YAMAGATA, Japan (Reuters) - After waiting four years to prove himself on rugby’s largest stage, Samoa flanker Piula Fa’asalele’s World Cup hopes almost came to a sudden end last month when he broke his arm while captaining the team against the United States.
Yet the 31-year-old, who missed the 2015 tournament due to a knee injury, knew he had just enough time to recover and be available for their opening Pool A match against Russia in Kumagaya on Sept. 24.
“I wouldn’t say it’s 100% yet but we’re getting there,” he told reporters on Thursday of the injury that happened on Aug. 3 during a Pacific Nations Cup match.
“I would say I’m at 80% and it’s a work in progress but hopefully by the end of the week we’ll be up to 100%.
“There’s always a bit of doubt in your head but that’s normal when you’re coming back. But I’m pretty confident I’ll be ready for selection.”
His confidence, he said, comes from his attitude of just accepting what happens in his sporting life without dwelling on setbacks.
That was what inspired him four years ago when he missed the World Cup and set his sights on being in Japan and he came to a similar conclusion six weeks ago.
“When it happened, it happened,” he said.
“My first thoughts were ‘I’m alive, which I’m happy about, and if I can get there (to the World Cup), I’ll get there, and if not, well, there’s more to life than rugby’.”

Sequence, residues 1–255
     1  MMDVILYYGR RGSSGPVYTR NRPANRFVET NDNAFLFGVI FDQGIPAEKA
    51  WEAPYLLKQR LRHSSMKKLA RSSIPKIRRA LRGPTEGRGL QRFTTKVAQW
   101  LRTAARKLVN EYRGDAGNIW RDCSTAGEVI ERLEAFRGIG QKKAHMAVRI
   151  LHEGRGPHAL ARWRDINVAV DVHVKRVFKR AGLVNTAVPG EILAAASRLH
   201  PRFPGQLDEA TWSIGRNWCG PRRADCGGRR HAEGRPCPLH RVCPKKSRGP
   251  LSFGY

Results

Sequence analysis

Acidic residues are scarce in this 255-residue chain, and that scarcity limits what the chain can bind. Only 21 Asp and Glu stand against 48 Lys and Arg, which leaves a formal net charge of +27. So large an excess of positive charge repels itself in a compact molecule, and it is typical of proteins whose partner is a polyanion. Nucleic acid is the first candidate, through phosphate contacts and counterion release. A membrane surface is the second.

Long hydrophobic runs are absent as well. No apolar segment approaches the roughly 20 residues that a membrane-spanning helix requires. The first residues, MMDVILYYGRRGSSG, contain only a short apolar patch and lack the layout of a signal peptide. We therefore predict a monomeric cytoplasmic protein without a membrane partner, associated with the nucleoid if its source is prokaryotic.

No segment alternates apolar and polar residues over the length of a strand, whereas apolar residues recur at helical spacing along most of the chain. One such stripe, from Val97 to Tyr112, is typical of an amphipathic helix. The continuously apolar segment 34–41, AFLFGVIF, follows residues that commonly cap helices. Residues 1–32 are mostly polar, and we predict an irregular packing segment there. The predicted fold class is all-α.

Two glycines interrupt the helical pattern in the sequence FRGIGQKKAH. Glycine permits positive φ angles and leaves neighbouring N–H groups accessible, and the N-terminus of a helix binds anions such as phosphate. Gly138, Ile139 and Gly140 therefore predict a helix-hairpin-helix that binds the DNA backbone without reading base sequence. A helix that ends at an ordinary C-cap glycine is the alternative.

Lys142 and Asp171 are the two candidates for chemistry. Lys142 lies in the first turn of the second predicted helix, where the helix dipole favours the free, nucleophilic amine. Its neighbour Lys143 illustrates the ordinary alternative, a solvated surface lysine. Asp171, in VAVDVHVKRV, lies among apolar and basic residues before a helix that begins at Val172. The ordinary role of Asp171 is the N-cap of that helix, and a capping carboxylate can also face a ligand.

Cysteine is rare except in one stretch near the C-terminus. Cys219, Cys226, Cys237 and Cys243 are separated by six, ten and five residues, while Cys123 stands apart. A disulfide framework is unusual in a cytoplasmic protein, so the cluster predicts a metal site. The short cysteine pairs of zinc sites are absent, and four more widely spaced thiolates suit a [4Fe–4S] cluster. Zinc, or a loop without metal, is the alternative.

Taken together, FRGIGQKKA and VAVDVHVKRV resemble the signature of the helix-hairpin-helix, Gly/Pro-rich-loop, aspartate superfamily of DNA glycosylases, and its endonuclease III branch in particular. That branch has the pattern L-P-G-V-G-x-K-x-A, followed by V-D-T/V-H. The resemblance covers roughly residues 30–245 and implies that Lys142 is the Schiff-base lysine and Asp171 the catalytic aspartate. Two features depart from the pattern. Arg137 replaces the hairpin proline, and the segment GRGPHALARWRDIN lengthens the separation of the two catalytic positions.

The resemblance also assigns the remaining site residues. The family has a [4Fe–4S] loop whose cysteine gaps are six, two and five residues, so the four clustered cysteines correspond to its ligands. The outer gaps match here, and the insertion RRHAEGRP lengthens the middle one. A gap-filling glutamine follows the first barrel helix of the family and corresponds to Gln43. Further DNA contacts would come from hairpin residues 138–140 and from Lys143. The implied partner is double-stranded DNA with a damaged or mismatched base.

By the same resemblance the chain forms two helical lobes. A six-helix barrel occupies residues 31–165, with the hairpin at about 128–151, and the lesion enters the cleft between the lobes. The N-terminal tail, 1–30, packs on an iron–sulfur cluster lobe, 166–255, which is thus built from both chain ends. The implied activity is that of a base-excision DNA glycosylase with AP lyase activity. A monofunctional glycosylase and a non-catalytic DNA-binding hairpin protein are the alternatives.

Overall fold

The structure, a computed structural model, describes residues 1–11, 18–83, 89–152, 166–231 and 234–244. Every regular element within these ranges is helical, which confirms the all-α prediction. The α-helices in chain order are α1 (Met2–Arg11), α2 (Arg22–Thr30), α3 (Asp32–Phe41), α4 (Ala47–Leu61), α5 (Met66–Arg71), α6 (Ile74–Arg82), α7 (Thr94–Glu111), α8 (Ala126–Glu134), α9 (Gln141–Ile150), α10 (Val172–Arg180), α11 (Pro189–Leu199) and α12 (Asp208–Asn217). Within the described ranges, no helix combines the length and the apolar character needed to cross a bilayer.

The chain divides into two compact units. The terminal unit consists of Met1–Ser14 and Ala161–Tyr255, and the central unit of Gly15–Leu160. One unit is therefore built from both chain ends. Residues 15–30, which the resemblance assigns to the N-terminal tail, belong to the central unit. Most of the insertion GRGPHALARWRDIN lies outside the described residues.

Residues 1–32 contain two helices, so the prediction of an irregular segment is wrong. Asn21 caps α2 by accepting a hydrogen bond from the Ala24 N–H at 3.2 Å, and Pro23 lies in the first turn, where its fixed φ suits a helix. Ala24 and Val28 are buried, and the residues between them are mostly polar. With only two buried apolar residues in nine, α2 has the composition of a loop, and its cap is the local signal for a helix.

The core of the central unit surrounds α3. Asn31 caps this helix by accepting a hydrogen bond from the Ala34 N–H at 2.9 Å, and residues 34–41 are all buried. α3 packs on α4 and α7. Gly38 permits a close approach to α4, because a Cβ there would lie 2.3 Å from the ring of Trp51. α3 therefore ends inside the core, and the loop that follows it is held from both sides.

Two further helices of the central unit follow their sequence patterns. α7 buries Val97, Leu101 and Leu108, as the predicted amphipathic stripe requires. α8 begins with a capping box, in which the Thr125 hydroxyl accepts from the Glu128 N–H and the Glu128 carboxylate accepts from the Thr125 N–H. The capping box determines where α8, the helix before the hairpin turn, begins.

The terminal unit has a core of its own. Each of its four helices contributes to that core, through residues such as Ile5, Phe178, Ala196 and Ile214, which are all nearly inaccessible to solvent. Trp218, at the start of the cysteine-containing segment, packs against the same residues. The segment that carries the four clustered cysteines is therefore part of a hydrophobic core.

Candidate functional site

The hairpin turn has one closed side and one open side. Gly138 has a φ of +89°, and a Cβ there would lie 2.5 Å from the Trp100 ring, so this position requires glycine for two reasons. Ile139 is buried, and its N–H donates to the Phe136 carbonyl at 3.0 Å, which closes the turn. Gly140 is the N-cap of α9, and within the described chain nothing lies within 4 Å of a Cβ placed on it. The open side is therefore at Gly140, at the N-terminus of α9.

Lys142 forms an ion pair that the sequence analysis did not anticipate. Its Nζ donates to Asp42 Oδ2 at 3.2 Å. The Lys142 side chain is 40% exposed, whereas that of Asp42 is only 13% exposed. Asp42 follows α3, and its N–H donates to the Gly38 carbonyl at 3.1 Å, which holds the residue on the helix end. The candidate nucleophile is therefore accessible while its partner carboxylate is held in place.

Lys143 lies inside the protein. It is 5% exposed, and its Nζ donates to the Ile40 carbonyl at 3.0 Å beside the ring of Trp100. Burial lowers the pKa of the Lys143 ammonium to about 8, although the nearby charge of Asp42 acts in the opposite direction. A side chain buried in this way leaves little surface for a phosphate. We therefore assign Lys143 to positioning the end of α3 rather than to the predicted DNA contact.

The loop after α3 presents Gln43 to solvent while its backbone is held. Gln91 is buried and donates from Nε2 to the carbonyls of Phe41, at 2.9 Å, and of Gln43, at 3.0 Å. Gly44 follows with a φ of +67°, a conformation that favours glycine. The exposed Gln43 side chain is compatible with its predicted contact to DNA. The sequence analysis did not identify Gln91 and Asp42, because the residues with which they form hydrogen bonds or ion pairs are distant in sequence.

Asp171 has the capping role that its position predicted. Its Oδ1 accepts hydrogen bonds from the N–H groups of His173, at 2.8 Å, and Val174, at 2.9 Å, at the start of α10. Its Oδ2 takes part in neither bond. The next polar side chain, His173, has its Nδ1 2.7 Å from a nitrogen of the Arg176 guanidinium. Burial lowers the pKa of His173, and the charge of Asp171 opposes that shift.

It is a message that he hopes will filter through to other players to help them recognise that mental health issues can affect elite athletes as much as anyone else.
“There’s a lot of pressure in the game, especially for the young ones coming through,” he said.
“We’ve got guys coming through who are about to make it but then they don’t because of injury.
“A lot of guys go through phases in life when they might not get selected so there’s a lot of things around mental health that can push us out of the game that we should be aware of.
“Rugby is a team sport, so if you know your brother is there next to you, supporting you, or just checking up on you, saying ‘are you all right, brother? I’m here to talk to you’, then that could turn life around for someone.”
Reporting by Greg Stutchbury in Sapporo, Japan; Editing by Toby Davis